WAX: The more interesting conversation I think we ought to have around this rather than, you know, boycotting Hallmark versus boycotting Chick-fil-A, I mean, this is a situation in which people that have been somewhat friendly to family values concerns are now showing that in certain cases—these are different scenarios, of course—but may not be as friendly as thought or maybe turning it in a certain way. The reason why this is so controversial I think and why this avalanche of public criticism came against Hallmark is like it or not—and we can actually critique some of what Hallmark does even in their normal movies of the picture they paint of romance and whatnot. But the real battle is over what is considered just normal, average, ordinary. That’s really where the battle is and by the fact that Hallmark has done all of these movies and they’ve never had an LGBT storyline of any sort or anything like that, what they basically are saying is the predictable, the normal, the bland boring but well put together Hallmark movies are there for consumption around this time of year. They’ve really had the assumption of traditional marriage. And the fact that they pulled this ad and then they reinstated it shows that they want to say that a same-sex marriage now, I think they want to say a same-sex marriage is just as normal and love is love and it’s exactly the same as a man-woman marriage.
EICHER: I’d like to return to the sort of original idea of consumer boycotts. You were talking, Trevin, of the kind of soft despotism—if I remember that right—of the left. Is it also a soft despotism when we do it, when our side kind of does it back?
WAX: Well, I don’t think the despotism is seen in boycotts and things. I think the soft despotism is seen when there are legal moves made in order to squash dissent on this issue. So, I don’t think despotism is seen in boycotts. That’s just bringing societal pressure on a certain thing. And, you know, Christians have access to that same sort of recourse as well—deciding who we’ll do business with and who we won’t, what things we’ll watch and what foods we’ll eat and all of that. And so I don’t think that’s where the despotism shows up. I think it shows up more in the legal moves on wanting to penalize people who are dissenting from what is becoming the majority opinion on what marriage is and what it’s like. And so the reason that all dissent has to be squashed is because the new social project just doesn’t work if it doesn’t.
BASHAM: To follow up practically, I’m a mom of a 10-year-old and I’m starting to navigate this stuff and going, OK, even we went and saw the new Star Wars and I will get to this in a little bit, but there’s sort of a silly moment that—a totally irrelevant LGBT moment that they’re trumpeting and saying how great this is. I mean, it was nothing. It was just so silly. It seemed like a please don’t come after us moment. But I’m watching it, my daughter is sitting next to me and I’m thinking of the other parents who are watching Hallmark, how do we grapple with that as parents? Are we trying to block our kids from seeing it? Are we just not absorbing the culture? Should I not have taken her to see Star Wars because of this?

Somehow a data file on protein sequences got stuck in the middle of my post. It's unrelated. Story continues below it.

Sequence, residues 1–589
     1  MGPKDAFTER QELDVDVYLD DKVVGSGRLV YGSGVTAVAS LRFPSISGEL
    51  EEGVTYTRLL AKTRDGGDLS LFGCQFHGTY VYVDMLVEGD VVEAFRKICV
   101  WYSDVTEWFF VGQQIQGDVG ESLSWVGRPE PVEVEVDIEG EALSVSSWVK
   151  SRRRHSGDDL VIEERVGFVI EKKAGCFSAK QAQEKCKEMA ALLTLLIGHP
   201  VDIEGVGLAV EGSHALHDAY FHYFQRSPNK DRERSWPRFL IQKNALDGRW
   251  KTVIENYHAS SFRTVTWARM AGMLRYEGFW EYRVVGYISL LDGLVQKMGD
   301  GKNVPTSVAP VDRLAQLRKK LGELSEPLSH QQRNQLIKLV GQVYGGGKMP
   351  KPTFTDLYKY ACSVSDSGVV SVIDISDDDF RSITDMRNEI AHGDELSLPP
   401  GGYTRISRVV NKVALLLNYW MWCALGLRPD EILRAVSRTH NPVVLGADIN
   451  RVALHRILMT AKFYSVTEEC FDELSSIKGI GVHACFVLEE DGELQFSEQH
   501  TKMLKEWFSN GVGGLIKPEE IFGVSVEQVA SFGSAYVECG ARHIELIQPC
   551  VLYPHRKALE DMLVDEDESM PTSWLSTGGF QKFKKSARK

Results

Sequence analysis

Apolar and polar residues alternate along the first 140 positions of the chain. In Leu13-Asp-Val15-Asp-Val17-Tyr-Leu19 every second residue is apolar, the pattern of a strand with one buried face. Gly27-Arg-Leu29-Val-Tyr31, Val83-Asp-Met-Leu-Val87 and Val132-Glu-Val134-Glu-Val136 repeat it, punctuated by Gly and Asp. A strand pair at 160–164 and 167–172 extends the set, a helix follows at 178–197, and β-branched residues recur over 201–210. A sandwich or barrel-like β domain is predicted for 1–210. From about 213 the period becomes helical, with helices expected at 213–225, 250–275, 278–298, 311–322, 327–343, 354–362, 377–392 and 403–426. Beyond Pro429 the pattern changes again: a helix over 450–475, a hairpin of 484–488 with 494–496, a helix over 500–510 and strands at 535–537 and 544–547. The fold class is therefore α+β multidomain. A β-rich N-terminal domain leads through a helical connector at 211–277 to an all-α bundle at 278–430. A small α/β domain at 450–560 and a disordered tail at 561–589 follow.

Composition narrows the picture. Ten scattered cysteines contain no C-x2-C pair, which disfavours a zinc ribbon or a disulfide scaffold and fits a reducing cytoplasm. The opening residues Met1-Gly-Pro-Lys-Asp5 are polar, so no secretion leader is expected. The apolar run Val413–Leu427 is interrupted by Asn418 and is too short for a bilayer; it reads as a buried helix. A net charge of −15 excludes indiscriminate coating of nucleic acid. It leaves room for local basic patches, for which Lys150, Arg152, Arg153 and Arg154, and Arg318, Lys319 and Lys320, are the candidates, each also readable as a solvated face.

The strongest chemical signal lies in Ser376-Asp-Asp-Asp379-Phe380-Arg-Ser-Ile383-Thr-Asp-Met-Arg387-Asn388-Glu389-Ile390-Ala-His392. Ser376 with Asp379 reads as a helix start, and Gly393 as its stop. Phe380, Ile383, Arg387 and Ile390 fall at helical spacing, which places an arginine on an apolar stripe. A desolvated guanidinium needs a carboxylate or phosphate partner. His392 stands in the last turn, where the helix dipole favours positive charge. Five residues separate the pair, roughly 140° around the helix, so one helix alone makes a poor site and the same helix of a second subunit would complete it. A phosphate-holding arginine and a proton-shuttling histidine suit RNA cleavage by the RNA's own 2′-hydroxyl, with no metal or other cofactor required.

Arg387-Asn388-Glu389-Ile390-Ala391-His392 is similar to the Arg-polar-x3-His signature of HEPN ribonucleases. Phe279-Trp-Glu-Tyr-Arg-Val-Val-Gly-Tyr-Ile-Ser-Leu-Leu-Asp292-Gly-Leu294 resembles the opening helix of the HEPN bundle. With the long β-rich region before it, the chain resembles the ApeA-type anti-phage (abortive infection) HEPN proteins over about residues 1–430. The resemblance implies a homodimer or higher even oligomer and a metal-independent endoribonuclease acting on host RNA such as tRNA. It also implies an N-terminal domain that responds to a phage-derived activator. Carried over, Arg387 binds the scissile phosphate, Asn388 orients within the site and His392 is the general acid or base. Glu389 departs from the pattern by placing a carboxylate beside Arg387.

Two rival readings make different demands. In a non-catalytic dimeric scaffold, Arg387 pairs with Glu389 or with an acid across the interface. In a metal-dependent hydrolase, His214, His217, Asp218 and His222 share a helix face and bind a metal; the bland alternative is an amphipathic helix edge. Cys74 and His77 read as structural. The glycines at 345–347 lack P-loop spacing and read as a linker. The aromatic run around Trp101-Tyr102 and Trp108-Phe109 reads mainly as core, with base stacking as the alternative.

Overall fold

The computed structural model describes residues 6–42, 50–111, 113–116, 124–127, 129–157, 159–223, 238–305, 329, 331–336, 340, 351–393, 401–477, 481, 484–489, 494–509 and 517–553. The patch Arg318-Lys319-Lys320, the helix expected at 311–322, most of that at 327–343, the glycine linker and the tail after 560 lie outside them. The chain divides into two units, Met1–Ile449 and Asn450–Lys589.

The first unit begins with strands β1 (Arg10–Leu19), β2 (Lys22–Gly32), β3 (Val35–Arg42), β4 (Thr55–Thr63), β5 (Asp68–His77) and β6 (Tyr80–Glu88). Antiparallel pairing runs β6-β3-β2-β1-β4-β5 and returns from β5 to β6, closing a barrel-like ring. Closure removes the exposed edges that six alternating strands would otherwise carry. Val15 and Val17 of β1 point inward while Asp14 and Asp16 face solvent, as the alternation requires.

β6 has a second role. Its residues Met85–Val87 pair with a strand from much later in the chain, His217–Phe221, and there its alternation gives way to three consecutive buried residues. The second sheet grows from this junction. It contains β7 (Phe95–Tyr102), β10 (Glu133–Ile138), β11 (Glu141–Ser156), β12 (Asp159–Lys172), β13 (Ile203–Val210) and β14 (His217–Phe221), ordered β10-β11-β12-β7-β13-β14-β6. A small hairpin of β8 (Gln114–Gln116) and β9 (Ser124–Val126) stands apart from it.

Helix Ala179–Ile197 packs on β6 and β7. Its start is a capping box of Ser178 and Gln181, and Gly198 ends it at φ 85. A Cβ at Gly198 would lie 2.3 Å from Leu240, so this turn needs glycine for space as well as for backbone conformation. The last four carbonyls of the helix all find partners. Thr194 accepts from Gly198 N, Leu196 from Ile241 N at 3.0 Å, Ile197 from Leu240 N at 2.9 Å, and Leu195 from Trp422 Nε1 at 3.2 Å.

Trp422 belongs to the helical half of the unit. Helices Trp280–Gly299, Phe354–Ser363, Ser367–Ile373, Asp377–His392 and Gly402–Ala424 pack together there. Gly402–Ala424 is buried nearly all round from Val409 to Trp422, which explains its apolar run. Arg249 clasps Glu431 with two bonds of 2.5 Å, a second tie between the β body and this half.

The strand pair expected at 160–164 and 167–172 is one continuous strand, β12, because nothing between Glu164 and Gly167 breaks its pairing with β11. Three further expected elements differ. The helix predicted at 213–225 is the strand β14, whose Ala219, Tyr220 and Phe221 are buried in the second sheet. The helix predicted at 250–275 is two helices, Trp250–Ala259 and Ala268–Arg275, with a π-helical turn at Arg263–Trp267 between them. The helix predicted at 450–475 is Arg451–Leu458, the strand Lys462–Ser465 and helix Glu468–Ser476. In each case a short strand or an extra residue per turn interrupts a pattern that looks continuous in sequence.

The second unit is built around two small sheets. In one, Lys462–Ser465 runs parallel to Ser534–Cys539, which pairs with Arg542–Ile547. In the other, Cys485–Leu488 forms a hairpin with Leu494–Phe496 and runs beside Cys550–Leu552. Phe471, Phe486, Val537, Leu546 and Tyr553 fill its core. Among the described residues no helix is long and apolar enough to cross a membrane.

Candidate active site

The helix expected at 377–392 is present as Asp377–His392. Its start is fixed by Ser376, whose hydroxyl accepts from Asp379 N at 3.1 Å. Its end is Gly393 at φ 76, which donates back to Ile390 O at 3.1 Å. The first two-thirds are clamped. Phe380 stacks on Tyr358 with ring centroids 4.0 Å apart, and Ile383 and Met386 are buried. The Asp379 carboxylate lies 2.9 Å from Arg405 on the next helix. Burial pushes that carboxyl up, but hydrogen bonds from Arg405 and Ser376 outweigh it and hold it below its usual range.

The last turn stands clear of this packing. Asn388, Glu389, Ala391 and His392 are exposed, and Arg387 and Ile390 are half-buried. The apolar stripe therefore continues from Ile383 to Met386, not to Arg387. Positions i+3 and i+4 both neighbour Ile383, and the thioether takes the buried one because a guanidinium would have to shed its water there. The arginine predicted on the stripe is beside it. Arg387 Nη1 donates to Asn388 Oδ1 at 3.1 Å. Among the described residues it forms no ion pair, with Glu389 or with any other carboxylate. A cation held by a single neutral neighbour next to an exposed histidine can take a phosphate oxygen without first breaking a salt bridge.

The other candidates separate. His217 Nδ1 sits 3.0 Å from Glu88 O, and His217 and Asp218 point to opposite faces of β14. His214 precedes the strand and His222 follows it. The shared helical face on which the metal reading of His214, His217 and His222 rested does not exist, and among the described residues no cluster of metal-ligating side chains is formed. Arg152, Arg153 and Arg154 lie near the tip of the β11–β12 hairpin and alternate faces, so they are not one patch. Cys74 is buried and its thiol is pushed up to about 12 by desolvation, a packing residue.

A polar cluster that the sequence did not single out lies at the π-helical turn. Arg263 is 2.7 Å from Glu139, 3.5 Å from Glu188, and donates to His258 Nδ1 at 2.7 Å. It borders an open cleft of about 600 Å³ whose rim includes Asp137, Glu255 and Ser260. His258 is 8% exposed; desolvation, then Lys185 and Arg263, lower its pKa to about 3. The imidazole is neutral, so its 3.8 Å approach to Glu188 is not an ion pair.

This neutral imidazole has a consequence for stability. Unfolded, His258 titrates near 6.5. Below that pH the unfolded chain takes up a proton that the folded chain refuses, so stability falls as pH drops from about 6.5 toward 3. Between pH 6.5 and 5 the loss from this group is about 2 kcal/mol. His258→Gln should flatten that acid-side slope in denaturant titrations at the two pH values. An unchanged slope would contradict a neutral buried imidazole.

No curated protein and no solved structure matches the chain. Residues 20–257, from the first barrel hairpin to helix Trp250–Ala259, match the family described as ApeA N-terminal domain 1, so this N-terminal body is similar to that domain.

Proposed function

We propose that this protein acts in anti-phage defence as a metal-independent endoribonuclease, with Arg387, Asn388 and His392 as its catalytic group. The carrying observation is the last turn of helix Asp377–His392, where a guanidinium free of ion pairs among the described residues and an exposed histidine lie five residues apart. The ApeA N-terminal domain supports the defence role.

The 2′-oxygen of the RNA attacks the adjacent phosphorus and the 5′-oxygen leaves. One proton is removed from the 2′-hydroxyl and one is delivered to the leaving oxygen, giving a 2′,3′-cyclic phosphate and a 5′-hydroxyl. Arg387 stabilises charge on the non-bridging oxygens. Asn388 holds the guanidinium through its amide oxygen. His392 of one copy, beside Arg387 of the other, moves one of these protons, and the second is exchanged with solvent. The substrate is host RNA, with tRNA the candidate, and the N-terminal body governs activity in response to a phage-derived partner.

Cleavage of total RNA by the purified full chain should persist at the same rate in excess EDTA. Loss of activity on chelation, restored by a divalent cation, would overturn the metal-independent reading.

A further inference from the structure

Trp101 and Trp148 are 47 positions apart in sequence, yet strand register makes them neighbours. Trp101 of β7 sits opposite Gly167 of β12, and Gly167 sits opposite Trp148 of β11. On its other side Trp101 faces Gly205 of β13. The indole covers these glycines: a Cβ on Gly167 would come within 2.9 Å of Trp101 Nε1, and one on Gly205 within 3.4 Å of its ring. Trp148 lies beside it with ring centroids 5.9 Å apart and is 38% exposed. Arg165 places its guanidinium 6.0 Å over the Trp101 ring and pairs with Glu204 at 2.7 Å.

WAX: Well, I think different parents are going to come to different conclusions on the best way forward on a lot of those issues that I wouldn’t want to say there’s a hard, fast rule on every single storyline. I mean, I have kids older and younger and one close to the same age as you’re talking about, and we have conversations about this on shows and whatnot because it seems like gay and lesbian characters are now over-represented as far as population goes, statistically on some of these programs. And the conversations we’ve had with our kids whenever we see that or there’s a line here or there or something, we talk about it as we’ve used the term propaganda. I don’t think that’s a bad word. I think that’s something we ought to say, to help our kids understand, hey, there’s a message here. There’s a push here. And we’ve even had to have conversations, too—because I think what we’re seeing is a kind of culture where at some point it’s going to be like Daniel and his friends and Nebuchadnezzar sets up the statue and, in this case, I guess it would be Artemis, to the goddess and says, “Everybody bow down.” And as Christians, we’ve got to be training our kids for that moment when we’re not going to bow down. We’re not going to bend the knee to Aphrodite, Artemis, whatever the god is that our culture is propping up as the great idol that everybody has to bow down to. And so I think that’s wise. Things may not move in that direction. There’s all sorts of ways that cultural currents turn and things, but our kids are going to be better fortified if we’re having intentional conversations in that regard than if we’re not.
EICHER: Trevin Wax is a theologian, an author, and Senior Vice President of Theology and Communications for LifeWay Christian Resources.
It’s Culture Friday, Trevin, great to talk to you! Merry Christmas!
WAX: Thank you. Merry Christmas to you!